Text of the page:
So I’ll quote instead our candidate for mayor here, who, when challenged for his lack of electoral experience, deftly appealed to his Bible Belt audience:
“As I said last week, amateurs built the ark, professionals built the Titanic,” Bentley said.
UPDATE: He won.
Arguing for same-sex marriage at Volokh
In the end it comes down to this: Given that gay families exist, and are not going to be eliminated or converted by any means acceptable to the American people, what is to be done with them? Is it better for society that they be shunted aside, marginalized, ostracized, made to feel alien to traditional values and institutions? Or is it better that they be included in the fabric of American life, including the most important social institution we have for encouraging, recognizing, and reinforcing loving families? I can see why a sexual liberationist, or a radical of any stripe, might say, “Keep them out.” I have never been able to understand how a conservative could say that.
In the end I doubt this issue will be decided on the basis of debaterish points and arguments. It will be decided on the basis of the lessons we tend to draw from the real-world experiences we have and the people we know. What I have tried to do is outline a different way of thinking about gay marriage that might allow the thoughtful traditionalist conservative to reconcile his innate and healthy suspicion of change with his insight that marriage really is good for people and their families.
In a world where gay families had nothing to do with the problems marriage now faces, it’s pretty odd to “defend” marriage by keeping them out. With these wholly unrelated challenges to marriage out there, William Eskridge recently said that defending marriage by opposing gay marriage is like building a Maginot Line. You get all excited about your fine fortress, you preen and prance around about your impending victory, you pop open some champagne, and then . . . the enemy sneaks through the Ardennes and overruns you.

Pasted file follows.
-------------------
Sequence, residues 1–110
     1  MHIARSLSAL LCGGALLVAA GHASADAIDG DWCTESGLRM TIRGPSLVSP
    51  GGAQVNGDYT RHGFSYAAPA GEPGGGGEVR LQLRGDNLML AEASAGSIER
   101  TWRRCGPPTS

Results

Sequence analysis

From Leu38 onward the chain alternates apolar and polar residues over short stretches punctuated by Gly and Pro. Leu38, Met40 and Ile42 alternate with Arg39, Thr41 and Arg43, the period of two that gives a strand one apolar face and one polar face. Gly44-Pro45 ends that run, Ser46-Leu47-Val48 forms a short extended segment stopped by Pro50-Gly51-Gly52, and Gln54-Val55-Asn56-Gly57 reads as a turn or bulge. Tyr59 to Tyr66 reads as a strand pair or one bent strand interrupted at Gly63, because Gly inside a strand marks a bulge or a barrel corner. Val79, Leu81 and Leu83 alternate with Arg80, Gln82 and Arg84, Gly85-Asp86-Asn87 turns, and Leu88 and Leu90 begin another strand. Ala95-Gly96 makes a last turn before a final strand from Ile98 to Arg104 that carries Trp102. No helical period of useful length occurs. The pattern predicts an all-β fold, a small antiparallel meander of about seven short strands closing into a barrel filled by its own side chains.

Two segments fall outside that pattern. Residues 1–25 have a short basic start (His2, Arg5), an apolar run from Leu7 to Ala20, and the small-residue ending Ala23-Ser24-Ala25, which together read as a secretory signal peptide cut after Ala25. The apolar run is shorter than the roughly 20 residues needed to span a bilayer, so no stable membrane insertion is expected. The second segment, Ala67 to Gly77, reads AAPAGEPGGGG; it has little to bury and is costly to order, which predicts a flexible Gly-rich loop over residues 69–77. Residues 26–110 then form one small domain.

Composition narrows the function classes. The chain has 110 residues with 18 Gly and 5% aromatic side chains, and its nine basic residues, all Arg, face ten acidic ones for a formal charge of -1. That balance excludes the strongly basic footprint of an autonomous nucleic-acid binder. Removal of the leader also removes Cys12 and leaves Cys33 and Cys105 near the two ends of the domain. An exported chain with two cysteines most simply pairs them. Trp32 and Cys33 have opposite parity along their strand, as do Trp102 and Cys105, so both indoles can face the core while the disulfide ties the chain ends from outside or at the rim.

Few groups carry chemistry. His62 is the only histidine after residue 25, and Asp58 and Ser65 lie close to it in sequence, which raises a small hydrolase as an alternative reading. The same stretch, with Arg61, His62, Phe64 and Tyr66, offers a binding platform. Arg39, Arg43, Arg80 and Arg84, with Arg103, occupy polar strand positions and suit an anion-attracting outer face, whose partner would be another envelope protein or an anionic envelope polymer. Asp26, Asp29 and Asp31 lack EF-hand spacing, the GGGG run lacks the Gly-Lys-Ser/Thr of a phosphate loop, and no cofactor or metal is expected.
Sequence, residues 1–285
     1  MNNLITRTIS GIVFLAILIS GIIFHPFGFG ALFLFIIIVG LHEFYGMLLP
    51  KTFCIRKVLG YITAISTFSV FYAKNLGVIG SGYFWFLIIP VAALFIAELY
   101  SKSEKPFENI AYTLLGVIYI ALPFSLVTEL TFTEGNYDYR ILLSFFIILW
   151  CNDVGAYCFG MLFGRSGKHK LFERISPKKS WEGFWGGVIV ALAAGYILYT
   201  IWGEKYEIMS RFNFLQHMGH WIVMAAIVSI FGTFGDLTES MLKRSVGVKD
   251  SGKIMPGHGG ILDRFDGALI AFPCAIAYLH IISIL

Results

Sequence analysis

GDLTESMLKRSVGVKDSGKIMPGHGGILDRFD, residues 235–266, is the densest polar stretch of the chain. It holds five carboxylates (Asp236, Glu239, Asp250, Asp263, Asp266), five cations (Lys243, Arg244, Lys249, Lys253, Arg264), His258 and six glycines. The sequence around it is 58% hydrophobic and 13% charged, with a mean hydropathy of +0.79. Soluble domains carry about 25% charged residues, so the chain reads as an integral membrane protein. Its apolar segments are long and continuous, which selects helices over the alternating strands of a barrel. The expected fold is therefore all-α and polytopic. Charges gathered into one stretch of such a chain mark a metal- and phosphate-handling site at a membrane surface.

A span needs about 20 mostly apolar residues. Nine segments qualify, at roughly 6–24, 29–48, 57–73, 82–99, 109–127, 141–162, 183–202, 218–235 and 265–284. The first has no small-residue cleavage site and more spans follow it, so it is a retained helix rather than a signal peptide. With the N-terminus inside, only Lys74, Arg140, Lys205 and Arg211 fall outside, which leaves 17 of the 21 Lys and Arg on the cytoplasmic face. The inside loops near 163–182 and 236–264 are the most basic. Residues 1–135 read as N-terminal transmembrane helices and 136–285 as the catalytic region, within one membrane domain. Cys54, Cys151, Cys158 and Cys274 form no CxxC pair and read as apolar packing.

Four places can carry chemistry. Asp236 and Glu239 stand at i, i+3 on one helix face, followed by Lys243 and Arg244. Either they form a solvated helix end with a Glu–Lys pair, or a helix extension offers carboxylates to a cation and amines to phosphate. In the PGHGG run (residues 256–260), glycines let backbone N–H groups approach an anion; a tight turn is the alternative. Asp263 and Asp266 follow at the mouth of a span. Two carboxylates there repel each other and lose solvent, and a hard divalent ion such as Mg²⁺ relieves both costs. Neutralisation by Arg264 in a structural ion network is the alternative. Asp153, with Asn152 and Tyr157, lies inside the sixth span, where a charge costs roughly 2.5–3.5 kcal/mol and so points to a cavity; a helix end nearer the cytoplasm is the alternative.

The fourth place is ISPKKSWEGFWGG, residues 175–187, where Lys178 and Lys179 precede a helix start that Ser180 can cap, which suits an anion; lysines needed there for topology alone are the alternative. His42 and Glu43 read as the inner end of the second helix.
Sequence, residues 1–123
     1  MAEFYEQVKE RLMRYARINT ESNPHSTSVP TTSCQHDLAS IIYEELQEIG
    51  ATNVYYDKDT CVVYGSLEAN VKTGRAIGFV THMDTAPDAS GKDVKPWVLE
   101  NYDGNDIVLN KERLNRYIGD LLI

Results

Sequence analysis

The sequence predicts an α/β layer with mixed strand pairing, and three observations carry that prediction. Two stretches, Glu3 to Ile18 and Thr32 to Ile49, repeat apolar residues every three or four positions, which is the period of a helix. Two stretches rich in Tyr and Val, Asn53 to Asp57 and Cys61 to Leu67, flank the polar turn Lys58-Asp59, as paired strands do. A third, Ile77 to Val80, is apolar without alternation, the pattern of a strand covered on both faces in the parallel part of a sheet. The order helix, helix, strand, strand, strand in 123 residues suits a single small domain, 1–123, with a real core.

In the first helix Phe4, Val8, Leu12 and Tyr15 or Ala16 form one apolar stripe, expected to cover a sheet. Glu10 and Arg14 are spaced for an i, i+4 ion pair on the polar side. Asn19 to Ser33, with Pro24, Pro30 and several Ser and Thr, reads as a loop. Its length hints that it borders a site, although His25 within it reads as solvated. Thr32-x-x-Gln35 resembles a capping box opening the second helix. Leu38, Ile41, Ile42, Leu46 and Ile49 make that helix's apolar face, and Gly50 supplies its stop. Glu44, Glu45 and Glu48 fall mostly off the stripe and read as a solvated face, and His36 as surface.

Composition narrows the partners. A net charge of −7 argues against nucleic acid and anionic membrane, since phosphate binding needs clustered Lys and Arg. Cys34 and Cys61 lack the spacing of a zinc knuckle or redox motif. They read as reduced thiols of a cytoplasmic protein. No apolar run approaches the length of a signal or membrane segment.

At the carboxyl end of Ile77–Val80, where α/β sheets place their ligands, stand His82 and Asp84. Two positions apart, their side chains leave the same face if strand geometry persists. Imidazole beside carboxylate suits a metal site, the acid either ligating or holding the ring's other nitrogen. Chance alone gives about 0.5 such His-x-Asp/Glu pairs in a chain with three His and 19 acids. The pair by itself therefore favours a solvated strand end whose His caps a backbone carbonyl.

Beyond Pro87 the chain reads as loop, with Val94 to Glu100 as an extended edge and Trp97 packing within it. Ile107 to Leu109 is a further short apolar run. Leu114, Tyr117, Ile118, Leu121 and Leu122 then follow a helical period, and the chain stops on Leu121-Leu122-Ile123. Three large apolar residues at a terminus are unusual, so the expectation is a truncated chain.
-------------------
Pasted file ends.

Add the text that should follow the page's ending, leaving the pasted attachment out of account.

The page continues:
Mind your metadata
Recently a friend was embarrassed to find revisions exposed in a press release. The Times warns:
Technically, metadata is sort of the DNA of documents created with modern word-processing software. By default, it is automatically saved into the deep structure of a file, hidden from view, with information that can hint at authorship, times and dates of revisions (along with names of editors) and other tidbits that, while perhaps useful to those creating the document, might be better left unseen by the wider world.
(If you use Microsoft Word, open a document, go to the File menu and choose Properties. You should see some metadata. Third-party programs are available that will crack open even more.)
I suggested my friend use PDF. Even there additional steps may be required:
Saving a copy of a document in “rich text format” (RTF), or as a simple text file first (options in the Save menu), and then converting it into the common “portable document format” (PDF) before circulating it is a good tack, Mr. Kennedy said. Still, some debate remains as to whether traces of metadata from word-processing programs like Microsoft Word are carried through to the PDF file.
Hm. What traces? I’d like to know more.